Series A Funding Round Ends for Bakkt, Resulting in Over $700 Million Valuation
The Intercontinental Exchange has yet to launch their new Bakkt platform. However, it was just a part of a Series A funding round. In reports from The Block, it appears that the new valuation of the company is $740 million.
Last year, as the company pitched their new futures trading platform that appealed to institutional investors, it managed to accumulate $182.5 million in funding.
Considering the current estimated valuation at $740 million, it would be safe to assume that up to 25% of the shares were sold to some of the external investors, like Microsoft, Starbucks, Galaxy, and Pantera. Starbucks allegedly has contributed no collateral.
A company’s value after adding outside financing and capital injections to a balance sheet is called the “post-money valuation.” In this circumstance, that amount includes the equity that Starbucks received as a result of their partnership.
The consideration now will be the way that investors will be able to get their projected returns on this substantial valuation, with the regulatory issues and five-month delay in their way. Some people believe that charging a 50-cent fee for each contract is miniscule, potentially being worth less than 1 basis point.
The next cheapest option for trading in the US amounts to 8 basis points. One source told The Block that it does not look like Bakkt will have much to earn with the fees, leaving them to rely on volume for revenue.
This source added that the way that the company runs after launching will need to be basically flawless to ensure that its spending doesn’t fluctuate. These numbers will need to be the highest in recruitment, though the source added that there will need to be a lot of plans falling in line perfectly to get the returns that this Series A funding round has set them up to expect. It shall be an interesting time in the bitcoin space when all of this materializes.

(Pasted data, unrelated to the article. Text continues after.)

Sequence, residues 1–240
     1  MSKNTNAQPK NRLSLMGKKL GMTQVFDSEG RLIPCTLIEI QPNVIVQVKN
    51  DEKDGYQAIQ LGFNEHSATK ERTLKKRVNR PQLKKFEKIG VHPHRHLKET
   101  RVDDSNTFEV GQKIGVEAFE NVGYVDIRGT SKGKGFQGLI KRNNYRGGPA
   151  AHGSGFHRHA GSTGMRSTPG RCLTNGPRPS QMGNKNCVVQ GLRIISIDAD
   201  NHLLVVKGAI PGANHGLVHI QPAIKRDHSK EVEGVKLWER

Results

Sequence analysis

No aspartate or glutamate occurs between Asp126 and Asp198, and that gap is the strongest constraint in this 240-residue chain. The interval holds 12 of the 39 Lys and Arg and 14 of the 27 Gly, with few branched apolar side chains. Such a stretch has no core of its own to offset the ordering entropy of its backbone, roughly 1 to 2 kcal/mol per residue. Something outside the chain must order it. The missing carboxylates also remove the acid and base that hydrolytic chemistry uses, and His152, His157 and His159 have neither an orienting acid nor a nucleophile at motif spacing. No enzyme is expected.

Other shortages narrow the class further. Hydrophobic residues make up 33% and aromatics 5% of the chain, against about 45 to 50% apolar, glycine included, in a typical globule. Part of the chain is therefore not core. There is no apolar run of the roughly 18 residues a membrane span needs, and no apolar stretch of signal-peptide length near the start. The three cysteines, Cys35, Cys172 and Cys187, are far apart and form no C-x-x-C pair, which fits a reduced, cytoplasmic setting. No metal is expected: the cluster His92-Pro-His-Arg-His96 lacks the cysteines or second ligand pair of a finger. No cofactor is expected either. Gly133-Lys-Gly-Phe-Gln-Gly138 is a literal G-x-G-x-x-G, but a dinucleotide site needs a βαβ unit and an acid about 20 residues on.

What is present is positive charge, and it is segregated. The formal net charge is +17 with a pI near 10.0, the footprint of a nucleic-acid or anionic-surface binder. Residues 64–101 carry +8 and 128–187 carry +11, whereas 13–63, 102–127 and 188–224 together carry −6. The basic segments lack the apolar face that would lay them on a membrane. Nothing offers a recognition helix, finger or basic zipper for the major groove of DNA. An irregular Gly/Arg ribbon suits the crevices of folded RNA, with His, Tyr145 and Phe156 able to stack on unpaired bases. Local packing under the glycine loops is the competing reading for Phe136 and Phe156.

If Bakkt finds themselves unable to deliver on their plan for institutional adoption, and cannot create new sources of cash flow, they will have equity redemption rights through ICE.
The platform had noted this benefit in their SEC filing on Page 60, which says that the “non-ICE partners” have an option that require the platform to “repurchase their interests” if they are unable to perform as projected.
Now, Bakkt could realistically push the value of the company to $1 billion during the next fundraising round. Then, to prevent any further dilution, the company could potentially sell multiple other preferred shares at a comparable price, raising capital without losing tons of equity in the process.
One investor commented that they would rather look at cheaper alternatives in US digital asset derivatives, which are preferably “further ahead in execution.” At this point, Bakkt has declined to make any comments.